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Dino Saga 080831 _ Sharpening CRT and LCD

Discussion in 'Corbani's Corner' started by John Corbani, Aug 31, 2008.

  1. John Corbani

    John Corbani Formula 3
    Honorary Owner

    May 5, 2005
    1,153
    Santa Barbara, CA
    Full Name:
    John Corbani
    #1 John Corbani, Aug 31, 2008
    Last edited by a moderator: Sep 7, 2017
    Dino Saga 080831 _ Sharpening CRT and LCD

    I have been a Sharpen advocate for anyone who shrinks and then posts pictures on FChat. A few folks have said that I sharpen too much. My pictures look great on my monitor so I started to do a little digging. My wife has a fairly new Compaq laptop with Vista and an Intel graphics media accelerator 950. I have never used an LCD display for graphics because of the color and contrast.variations with viewing angle. The other downside is the size of the pixels. 17” CRTs of recent manufacture can display at least 1280 pixels across easily. The pixel is a circle made up of very many small dots of red, green and blue phosphers. Lots of dots per pixel. Color does not change with angle.

    The Compaq LCD display is a fixed 1280 pixels wide. Each pixel is a square containing a stripe for red, green, blue and black. The Intel software does a good job making these large stripes handle fine detail. They sharpen everything and this is probably why my pictures look too sharp to some folks. I use a 17” CRT monitor for all my editing. It is set up to display 1024 pixels across. Fine for most things including FChat. Pictures are displayed at full resolution, 800 x 600, with no artifacts and plenty of room for all the Browser overhead top and bottom.

    I got my camera out and exercised the macro settings. I posted some pictures for Fred last week and his red Dino looked like a reasonable subject for a comparison. I brought both computers up and sent the original pic from my computer to the laptop. Displayed the pic on both computers. 9.75” wide on the CRT, 8.2” wide on the LCD. Pic was fuzzy on CRT, much better on LCD. Picked left front wheel as a good spot to check sharpness and took some macro pics.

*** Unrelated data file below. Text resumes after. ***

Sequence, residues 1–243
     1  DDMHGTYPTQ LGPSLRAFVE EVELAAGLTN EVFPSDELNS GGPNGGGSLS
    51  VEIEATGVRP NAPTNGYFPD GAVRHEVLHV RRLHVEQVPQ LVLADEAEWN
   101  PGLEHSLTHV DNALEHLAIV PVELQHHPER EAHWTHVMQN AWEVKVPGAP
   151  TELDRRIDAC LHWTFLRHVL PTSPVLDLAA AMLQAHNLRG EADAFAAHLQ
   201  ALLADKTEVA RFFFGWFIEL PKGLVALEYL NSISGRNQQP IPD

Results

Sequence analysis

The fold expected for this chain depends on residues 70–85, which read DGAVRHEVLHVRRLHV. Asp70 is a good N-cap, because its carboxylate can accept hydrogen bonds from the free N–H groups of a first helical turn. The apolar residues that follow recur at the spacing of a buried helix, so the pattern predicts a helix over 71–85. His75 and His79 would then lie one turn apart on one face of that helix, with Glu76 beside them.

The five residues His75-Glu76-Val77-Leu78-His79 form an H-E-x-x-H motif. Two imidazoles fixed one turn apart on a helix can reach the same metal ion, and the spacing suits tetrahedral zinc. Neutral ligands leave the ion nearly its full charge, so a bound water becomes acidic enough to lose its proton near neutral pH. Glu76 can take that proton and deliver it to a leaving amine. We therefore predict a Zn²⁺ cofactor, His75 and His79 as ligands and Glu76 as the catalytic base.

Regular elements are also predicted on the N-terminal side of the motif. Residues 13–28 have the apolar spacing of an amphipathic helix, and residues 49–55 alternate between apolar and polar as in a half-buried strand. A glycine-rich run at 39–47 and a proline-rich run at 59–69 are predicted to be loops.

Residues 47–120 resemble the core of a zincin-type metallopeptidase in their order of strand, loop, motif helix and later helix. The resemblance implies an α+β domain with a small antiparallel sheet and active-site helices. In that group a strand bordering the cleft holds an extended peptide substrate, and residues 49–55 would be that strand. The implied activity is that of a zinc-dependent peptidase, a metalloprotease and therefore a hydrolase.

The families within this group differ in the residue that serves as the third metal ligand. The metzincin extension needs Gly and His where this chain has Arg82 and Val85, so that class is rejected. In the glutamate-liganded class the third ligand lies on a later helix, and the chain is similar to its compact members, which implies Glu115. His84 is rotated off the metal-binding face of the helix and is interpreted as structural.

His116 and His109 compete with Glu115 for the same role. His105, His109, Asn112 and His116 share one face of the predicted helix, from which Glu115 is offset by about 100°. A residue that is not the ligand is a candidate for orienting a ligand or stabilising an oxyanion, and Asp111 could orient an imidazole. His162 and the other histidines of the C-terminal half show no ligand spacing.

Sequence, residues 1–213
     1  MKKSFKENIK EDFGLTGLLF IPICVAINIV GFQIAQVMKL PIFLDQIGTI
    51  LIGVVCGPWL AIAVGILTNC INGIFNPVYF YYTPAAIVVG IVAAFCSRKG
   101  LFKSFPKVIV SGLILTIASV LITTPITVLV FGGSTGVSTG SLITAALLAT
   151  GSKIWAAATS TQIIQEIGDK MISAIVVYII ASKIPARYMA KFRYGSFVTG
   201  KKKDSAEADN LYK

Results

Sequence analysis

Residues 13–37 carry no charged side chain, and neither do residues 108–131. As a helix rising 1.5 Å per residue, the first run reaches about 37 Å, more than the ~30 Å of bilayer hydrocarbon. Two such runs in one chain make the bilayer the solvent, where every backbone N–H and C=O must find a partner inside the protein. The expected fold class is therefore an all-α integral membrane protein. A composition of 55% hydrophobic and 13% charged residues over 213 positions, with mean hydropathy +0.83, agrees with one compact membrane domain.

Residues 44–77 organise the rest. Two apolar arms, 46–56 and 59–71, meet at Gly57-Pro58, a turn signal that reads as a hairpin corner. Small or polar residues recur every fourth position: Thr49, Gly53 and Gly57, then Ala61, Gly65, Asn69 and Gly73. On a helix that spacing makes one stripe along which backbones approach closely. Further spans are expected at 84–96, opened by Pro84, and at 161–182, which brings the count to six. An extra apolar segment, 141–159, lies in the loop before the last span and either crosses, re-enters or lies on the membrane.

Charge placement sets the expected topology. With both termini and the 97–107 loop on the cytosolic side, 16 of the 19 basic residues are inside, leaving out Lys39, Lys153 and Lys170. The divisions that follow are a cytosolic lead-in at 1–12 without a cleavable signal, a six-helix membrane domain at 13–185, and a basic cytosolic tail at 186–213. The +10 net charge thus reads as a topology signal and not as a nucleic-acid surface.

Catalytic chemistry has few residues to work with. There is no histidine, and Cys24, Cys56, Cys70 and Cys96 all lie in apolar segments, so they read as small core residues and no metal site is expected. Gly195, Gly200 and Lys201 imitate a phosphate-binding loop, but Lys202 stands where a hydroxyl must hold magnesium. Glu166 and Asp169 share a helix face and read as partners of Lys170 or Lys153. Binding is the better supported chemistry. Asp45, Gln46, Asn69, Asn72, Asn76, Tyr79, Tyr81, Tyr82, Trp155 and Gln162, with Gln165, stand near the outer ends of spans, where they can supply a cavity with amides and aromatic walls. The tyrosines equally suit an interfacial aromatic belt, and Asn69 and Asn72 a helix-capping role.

The laptop dropped the very fine detail and increased the contrast between pixels it decided to display. The CRT had very smooth transitions from light to dark and looked fuzzy. I added sharpness until both looked as good as they could. Medium Sharp (my standard) looked fine on the CRT but was too much on the LCD. Lite Sharp was enough for the LCD. Just for the fun of it I did a heavy Sharp shot. The grass gets frosted and all edges get a white and black outline. Hard to get both the pixels and the image at the same time. But not quite impossible.

    Enjoy the pictures. Please Sharpen your pictures after reduction and before posting. I did find out that Picasa 2 does a pretty good job of reduction but is a pain to use. I still find PhotoStudio by ArcSoft to be a very complete Darkroom that works like a manual darkroom of old. That is all you really need. Edited pictures are nicer to look at for all of us and makes a huge difference in the impact of shots on the uninitiated. I will make sure to cut my sharpening back a little now that LCDs have taken over the world. Isn’t technology wonderful?

    John
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  3. Crawler

    Crawler F1 Rookie

    Jul 2, 2006
    4,995
    #2 Crawler, Sep 1, 2008
    Last edited by a moderator: Sep 1, 2008
    "Sharpened lightly" looks best on my 19" LCD monitor. On the medium one, the "sawblading" around the window trim and gutters gets pretty noticeable. You're right, though, the fewer the pixels, the tougher it is to render curved edges smoothly. Sharpening exacerbates the problem, for some reason.
     
  4. 2GT

    2GT Formula 3

    Aug 25, 2008
    1,793
    Western NY
    Full Name:
    Fred
    Wonderful job, John. Now I'm a bit sad because, last week, I put the little red Italian away for the season. After I return from vacation, I will drive the blue one on nice weekends. The weather here in late September isn't always that good, but there's nothing like a sunny fall Saturday afternoon for a nice Dino drive in the country! Fred
     

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